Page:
He parked his small white car by the side of the road right outside the front door. Or at least as close to the door as it was possible, so close to the two old barrels that now were flowerbeds that he couldn’t have opened the passenger’s door of his small car. But he didn’t have to, because he was alone in the car, and was just going to make a quick stop at Grandma’s to say hello.
It was one of those perfect summer nights. You know the kind. It’s the time of the year when the nights are still warm and it’s the time of the day when you’re not sure if the sun has gone down yet, or if you can still sort of see it in the horizon.
It was the time of day when the whole day is still right there in your hand, on your skin, so you can always touch it, and it’s inside your heart, and the only thing that matters is now. But it was also Sunday, the end of a weekend, and reality was knocking on his door, asking for an audience with the king of the world.
He turned off the radio and got out of the car. While it was a summer night, and the sun was still almost up, it wasn’t a hot night by any means. It was definitely time to wear jeans again – and he was wearing his favorite pair of ripped jeans – but it was warm enough to sit outside, especially if you had a big fire going on.
Grandma always had a big fire going on in the back. The last hour of daylight was her time. Sometimes she was just sitting there, on a chair staring at the fire, or in the garden swing just looking out over the fields of wheat around her.
“Hey, Grandma,” he said, walking towards the big fire. His step was light and had that special spring to it.
“Hey, it’s you,” she said.
“That’s right, it’s me. Whatcha doin’?”
“Oh, nothing much, just taking care of things.”
He sat down in the swing, and sat there silent for a while. His grandmother was picking up things from the ground, and threw them into the fire.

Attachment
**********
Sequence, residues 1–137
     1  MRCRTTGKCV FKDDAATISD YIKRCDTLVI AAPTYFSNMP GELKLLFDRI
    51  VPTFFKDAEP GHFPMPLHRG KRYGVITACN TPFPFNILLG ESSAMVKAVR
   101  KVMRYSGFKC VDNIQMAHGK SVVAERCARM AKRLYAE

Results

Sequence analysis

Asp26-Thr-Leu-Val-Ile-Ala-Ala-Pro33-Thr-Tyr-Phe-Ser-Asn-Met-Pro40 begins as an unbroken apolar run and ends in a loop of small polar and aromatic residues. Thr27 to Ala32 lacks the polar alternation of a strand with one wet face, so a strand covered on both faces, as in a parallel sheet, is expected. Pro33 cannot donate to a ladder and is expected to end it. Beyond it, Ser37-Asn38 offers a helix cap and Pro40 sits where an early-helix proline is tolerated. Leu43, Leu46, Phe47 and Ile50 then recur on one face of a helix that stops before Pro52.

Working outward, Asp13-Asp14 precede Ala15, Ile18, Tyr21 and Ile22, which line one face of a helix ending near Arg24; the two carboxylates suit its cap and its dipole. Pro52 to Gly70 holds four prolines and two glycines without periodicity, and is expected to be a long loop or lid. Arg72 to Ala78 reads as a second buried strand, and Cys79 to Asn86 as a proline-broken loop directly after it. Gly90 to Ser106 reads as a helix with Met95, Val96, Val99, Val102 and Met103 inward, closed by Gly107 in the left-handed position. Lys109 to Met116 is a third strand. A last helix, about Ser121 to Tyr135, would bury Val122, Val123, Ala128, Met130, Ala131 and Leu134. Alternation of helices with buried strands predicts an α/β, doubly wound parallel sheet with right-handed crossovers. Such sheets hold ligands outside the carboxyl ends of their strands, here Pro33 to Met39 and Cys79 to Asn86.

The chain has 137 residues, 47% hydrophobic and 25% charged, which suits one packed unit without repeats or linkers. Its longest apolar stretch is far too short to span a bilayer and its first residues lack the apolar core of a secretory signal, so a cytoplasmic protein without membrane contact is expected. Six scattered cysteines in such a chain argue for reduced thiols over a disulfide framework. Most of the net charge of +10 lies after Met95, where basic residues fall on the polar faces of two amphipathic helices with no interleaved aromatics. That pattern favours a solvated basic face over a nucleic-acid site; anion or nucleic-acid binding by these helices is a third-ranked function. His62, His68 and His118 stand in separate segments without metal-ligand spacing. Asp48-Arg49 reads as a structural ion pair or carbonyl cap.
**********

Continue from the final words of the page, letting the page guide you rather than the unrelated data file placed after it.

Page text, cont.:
“Look at your jeans,” Grandma said when she got back from the fire.
“Yeah, well, you know,” he said.
“Want me to patch that hole, too?”
She had already practically made him a new pair of jeans, using whatever was left of his coolest and most ripped jeans and some old fabric she had found in the basement.
“Naw, it’s OK … for now,” he said.
Then they sat there silently for a while. The sky was even redder now than it had been just minutes ago when he had parked his car. He was in a constant state of hurry, and in ten minutes, he’d get back inside the car, and drive down the dirt road, 80s rock blasting off the speakers. (He was very proud of his stereo, and always told his friends that the stereo system was worth more than the car).
But not yet. Now was now.
“Did you have a good weekend?” Grandma asked him.
“Yeah, pretty good,” he said.
“Nice to hear that.”
He often stayed weekends at the farm, hanging out with friends, eating at Grandma’s and enjoying the freedom of summer. You never get too old for that, Grandma had told him once, and as far as he was concerned, she was always right. Sitting in that swing on a summer’s night was what always turned a pretty good weekend into an excellent weekend in his mind.
“You going back now?” Grandma asked him.
“Yeah, I figure if I leave now, I’ll be home in good time. Say hi to Grandpa for me.”
“I will. Want some potatoes with you?”
He didn’t even have a stove at his tiny apartment, but he’d never told her that.
“Next time, Grandma.”
“OK. Nice of you to drop by. The sky sure is red tonight. Gonna be a beautiful day tomorrow. Drive safely now,” Grandma said.
He got up and walked back to the car, opened the door and turned on the radio. Then he turned on the engine and stepped on the gas. He drove a good 200 meters and then glanced at the review mirror, and saw a huge cloud of dust behind him, and then further up the road, the red and purple clouds in the horizon.
His jeans were ripped and his car was a bucket of rust, but he did have something everybody needs. He had hope. Right then, anything was possible. Right then, he knew that tomorrow was going to be a great day.
He turned up the volume on his stereo.